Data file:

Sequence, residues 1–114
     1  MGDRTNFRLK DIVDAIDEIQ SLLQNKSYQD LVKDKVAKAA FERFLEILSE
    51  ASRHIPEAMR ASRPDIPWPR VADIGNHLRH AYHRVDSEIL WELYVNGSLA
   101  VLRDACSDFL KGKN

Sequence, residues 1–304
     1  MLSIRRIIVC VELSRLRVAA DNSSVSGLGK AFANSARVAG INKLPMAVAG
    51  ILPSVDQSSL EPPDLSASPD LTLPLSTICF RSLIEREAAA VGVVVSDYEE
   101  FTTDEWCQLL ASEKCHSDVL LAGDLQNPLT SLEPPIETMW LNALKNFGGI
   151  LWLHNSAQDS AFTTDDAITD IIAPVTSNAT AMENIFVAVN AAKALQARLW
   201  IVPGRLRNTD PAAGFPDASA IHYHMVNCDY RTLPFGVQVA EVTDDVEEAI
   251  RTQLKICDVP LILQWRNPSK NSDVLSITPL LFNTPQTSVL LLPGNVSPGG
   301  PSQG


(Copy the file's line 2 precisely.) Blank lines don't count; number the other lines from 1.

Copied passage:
     1  MGDRTNFRLK DIVDAIDEIQ SLLQNKSYQD LVKDKVAKAA FERFLEILSE